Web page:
Under the Illinois Marriage and Dissolution of Marriage Act, you must establish no-fault or at-fault grounds for the divorce and fulfill pre-defined separation periods.
No-fault divorce in Illinois
Couples who file for a no-fault divorce do not have to declare any wrongdoing for the marriage to be dissolved. They can cite irreconcilable differences as the grounds for divorce.
If both parties agree to an uncontested divorce, the divorce can be finalized under Illinois law if the spouses have lived separate and apart for as little as six months.
A contested divorce—one in which you and your spouse cannot agree on the terms—cannot be finalized until you have lived apart for at least two years.
In most cases, the length of separation is easy to establish, especially if a reliable Chicago divorce lawyer has been keeping records. There are times, nevertheless, when divorcing spouses cannot afford to live in two separate households, but they still desire to function as separated individuals. Although same-household separation is more difficult to prove in a contested divorce, there are some indicators accepted by the courts:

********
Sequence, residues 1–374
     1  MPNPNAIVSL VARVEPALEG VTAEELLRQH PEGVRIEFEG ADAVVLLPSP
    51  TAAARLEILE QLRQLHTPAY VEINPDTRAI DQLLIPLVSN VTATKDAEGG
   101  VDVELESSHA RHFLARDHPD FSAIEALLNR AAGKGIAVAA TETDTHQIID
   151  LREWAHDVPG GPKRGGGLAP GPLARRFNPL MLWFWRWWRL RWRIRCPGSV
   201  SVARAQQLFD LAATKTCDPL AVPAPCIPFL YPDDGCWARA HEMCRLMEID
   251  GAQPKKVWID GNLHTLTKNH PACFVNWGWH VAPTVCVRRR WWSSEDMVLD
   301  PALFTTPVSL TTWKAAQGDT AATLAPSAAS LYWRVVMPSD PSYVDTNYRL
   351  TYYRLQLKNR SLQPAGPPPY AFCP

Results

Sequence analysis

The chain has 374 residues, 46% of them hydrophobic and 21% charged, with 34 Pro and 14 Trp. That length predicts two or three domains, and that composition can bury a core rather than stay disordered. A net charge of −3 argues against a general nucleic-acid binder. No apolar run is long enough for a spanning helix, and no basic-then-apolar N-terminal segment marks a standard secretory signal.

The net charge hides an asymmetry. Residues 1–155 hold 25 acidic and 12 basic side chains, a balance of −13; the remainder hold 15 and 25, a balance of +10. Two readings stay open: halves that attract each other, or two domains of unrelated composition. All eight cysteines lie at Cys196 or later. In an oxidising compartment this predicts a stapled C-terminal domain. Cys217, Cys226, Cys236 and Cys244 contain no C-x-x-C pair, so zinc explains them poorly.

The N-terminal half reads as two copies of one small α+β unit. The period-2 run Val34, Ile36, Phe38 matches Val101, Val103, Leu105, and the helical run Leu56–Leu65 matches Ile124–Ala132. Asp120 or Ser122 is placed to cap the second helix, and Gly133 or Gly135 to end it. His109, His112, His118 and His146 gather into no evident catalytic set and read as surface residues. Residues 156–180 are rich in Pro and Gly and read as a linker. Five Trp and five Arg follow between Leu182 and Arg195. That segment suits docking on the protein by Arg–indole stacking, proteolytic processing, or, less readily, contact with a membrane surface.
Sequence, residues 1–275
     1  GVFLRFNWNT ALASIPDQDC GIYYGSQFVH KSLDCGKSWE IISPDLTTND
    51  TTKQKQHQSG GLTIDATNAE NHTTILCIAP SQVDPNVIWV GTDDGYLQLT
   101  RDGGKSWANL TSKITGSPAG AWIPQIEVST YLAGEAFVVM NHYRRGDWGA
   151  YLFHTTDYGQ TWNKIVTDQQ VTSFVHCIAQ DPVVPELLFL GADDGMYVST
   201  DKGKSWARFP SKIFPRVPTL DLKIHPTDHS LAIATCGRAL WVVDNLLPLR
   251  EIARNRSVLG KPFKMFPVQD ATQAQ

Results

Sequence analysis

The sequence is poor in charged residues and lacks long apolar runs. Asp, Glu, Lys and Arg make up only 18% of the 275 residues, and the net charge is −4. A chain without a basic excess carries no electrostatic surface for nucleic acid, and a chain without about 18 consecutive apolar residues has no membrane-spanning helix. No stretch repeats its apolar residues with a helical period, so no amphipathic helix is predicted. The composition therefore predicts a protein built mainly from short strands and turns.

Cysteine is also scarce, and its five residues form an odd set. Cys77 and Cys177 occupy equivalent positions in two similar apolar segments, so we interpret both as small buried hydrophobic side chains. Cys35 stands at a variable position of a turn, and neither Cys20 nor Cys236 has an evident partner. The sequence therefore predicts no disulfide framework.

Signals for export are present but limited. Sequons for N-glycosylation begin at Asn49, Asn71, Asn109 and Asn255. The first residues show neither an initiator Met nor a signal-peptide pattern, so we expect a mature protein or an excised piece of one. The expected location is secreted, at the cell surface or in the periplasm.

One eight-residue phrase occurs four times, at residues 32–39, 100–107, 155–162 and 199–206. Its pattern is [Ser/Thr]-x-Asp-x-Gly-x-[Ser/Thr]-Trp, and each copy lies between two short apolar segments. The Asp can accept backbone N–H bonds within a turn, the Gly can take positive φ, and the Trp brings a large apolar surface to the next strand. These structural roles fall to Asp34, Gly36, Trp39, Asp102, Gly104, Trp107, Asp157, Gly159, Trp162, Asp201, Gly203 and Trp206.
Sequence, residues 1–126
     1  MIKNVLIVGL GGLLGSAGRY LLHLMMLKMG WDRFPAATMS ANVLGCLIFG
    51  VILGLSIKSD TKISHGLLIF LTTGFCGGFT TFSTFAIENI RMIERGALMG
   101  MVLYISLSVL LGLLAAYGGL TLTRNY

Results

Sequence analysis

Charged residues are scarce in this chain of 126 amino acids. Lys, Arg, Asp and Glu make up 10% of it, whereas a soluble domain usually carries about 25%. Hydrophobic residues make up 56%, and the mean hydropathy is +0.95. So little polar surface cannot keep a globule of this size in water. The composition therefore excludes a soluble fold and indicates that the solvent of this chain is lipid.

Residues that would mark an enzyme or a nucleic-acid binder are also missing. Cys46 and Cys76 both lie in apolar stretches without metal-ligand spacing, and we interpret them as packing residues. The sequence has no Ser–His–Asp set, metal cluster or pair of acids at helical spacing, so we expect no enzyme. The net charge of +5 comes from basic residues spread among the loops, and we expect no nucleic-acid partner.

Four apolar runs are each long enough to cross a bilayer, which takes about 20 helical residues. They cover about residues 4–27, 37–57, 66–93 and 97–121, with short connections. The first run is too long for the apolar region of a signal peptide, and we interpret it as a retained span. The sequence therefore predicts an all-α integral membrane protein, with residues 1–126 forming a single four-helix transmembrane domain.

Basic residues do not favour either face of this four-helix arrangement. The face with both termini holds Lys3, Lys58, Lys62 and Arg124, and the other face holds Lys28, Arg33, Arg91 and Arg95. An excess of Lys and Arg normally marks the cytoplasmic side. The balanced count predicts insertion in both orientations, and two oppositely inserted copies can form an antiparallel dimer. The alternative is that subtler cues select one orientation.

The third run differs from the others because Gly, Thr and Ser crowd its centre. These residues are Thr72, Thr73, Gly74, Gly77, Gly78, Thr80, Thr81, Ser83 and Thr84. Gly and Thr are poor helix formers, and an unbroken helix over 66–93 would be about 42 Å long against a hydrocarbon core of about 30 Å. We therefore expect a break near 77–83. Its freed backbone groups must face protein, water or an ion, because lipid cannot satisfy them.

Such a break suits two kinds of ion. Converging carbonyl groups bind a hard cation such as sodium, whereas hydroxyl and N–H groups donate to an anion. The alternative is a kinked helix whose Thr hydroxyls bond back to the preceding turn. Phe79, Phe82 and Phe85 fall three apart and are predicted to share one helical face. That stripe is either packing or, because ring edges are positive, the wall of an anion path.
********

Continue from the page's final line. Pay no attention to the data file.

- You must each live your own lives—doing your own cooking, cleaning, laundry, home maintenance, and so on.
- You must each maintain separate banking accounts.
- You must not share the same bed.
Fault based grounds for divorce
In the case of wrongdoing in your marriage, you may have specific grounds upon which to file for a divorce. Illinois family law lists eight grounds for divorce:
- Conviction of a felony crime
- Infection with a sexually transmitted disease
- A preexisting marriage
- Habitual drunkenness or drug abuse for at least two years
- Physical or mental abuse, or attempted murder
Contact a Chicago Divorce Attorney
While the divorce process may seem routine, issues can quickly become complex and volatile. For divorce help in Chicago land area, call (312) 641-0771 to speak with an experienced attorney from the Law Offices of Azita M. Mojarad & Associates.